Today that was a very manual process on my end.


Clarke: But at least you’re doing that research. I think even just going back to basics, there are still so many organizations where perhaps on an individual level they get it. There are some great reps that understand what they need to do, all the things that you’ve talked about. But on an organizational level they’re still not there yet, saying that this is the standard way and the standard practice, etcetera.

And I think, again, we’ve just received all these generic emails. So I target a sales audience, everything that myself and Kevin do. We’re all about giving back to the sales community. We’re working on [this incredible] content, the podcast, the videos. So when I receive an email that says, “Hey, Tim, I know that you target the chief marketing officer, and we can help you put on events and get you access to CMOs …” 


Rowley: Wrong.


Clarke: Right. So the question, I guess, here is — is that an example of someone that’s not doing their research? Or could it be, perhaps, an example of someone that isn’t being human, i.e., it’s technology and they’re not using the data correctly?


Rowley: Yeah. I think that’s an example of a mess. So either they aren’t doing the research, it is being automated, so there was no human aspect to that. And it stood out to you because it was wrong, so it left a bad, negative impression on you.


Clarke: Right.


Rowley: I think that what you said hit me, that there are great reps who are doing what I just described. At an organizational level we have not seen sales leadership move to requiring this more relevant, more human, more personalized. They’re still running the volume play of more emails, more calls, more contacts.


Clarke: Spray and pray and hope something hits.


Rowley: Exactly. And it’s not getting the job done. And so I’ve been speaking a lot to the sales individuals. I’ve built a community of salespeople, or I’m part of the community of individual salespeople and helping them learn best practices. Then I’ve really tried to take it up to the enablement level. So sales enablement and thinking about this at a programmatic level — what kind of transformation do they need to drive at a programmatic and an organizational level?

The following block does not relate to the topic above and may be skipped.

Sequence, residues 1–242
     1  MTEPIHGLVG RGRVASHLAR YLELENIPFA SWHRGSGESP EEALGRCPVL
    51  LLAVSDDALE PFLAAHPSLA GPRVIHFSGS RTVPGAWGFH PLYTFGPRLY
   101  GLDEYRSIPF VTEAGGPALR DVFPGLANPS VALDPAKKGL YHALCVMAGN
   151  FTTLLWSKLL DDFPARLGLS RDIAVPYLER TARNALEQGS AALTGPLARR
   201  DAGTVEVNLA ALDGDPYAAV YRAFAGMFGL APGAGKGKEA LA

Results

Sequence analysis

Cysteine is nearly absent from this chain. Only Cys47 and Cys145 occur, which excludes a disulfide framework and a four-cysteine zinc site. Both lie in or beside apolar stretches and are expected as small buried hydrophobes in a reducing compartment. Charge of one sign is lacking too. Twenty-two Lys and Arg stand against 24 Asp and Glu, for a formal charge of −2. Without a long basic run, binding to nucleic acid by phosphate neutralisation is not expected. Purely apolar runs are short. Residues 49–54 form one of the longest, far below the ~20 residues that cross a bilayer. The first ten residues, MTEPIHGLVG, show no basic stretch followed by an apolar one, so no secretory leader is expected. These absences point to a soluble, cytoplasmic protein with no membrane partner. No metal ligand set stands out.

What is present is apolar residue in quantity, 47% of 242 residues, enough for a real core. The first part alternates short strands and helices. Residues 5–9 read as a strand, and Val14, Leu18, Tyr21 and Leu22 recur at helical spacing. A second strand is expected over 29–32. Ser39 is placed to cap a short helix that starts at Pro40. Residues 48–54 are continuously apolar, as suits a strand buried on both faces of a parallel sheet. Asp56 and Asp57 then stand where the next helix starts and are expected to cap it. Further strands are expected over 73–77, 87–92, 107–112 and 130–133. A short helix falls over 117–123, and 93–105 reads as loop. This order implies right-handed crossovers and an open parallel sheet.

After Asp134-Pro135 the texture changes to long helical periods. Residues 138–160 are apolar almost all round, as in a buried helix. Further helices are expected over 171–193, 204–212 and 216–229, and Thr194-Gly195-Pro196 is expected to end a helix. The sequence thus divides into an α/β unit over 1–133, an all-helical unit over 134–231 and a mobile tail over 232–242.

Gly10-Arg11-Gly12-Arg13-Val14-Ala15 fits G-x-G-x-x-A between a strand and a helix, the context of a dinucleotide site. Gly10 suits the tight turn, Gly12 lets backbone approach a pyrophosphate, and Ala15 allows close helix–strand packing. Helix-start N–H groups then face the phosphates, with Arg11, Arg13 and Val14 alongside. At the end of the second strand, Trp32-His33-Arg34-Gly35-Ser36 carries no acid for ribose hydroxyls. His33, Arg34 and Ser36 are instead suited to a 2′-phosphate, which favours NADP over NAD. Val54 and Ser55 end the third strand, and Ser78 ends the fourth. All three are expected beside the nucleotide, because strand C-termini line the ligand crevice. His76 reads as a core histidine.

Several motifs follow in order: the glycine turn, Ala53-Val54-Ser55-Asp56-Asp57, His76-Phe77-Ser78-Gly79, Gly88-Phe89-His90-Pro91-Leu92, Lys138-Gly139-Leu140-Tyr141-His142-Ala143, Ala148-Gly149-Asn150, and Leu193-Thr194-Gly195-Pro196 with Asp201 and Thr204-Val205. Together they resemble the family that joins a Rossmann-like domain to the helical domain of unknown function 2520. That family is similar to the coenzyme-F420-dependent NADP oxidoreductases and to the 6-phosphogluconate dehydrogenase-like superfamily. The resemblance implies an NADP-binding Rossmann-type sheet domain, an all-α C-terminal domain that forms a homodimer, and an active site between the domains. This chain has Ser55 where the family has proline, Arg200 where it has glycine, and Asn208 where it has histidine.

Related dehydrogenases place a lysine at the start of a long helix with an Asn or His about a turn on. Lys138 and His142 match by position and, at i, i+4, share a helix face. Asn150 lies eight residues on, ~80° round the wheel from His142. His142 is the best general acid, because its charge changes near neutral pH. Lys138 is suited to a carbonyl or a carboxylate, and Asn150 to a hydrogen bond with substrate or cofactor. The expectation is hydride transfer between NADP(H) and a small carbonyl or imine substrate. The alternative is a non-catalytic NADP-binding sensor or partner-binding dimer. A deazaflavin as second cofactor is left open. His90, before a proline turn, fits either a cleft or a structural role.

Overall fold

But what I realized, Tim and Kevin, is that at that sales leadership level, if that strategy, if the plan doesn’t change at that leadership level, then everything else is for naught. And that’s where the education has to occur, that sales leadership level.


Micalizzi: Which makes absolute sense. I think that’s the biggest question in my mind. Sales reps and even sales leaders are being asked to do so much more. And we have artificial intelligence, augmented intelligence coming, but not really at the level like you were talking about. So doing that kind of social research does take a lot of time. How do you scale what you’re doing to really meet the level that the sales reps and the sales leaders need?


Rowley: You have to look at it through the eyes of the salespeople on your team. And I think you need to actually spend some time with those salespeople and understand how they work today. And then spend time understanding what the future of sales looks like. So you need to understand the current state of your organization. You also need to understand what the future state of sales looks like.

Hence, why I attend events like Dreamforce, why I go to Forrester’s B2B Marketing and Sales Enablement Conference, why I spend time with the analyst at SiriusDecisions and CSO Insights. I need to know what the future of sales looks like. I need to have a really firm understanding of how we’re operating today to be able to map from where we are to the desired future state. Digital transformation as a broad topic is on every CEO’s agenda.

It is now something that every CEO is forced to think about, every CIO, every CMO, every head of support and customer experience. But who is missing from that conversation is the chief sales officer. And it’s time that the chief sales officer understands that everything else is changing around them, and that at an organizational level they’ve got to change the way they sell.


Clarke: Where do they even start? [Unintelligible] sales leaders, sales managers on here. And we’ve been talking about this conversation for 10 years now. Social selling, you should do it, or there’s another layer of [broader] selling. Hopefully, now we’re in broad agreement of the fact that there is another channel to market. But what are some of the steps?

You mentioned at the beginning you’ve worked with a whole variety of organizations, small and large. What are some of the steps that you would recommend, or tactics for people listening to this podcast?


Rowley: Yeah. I’ll just borrow from Jeff Immelt, the CEO of GE. And when he talks very broadly about digital transformation, he looks at it from culture. What is the culture of the organization? Do they move fast, or did they move slow? Do they have a lot of internal processes, old technology, or do they have more modern infrastructure? So he looks at it from a culture, from a talent. Who are the people in his organization with the right skills?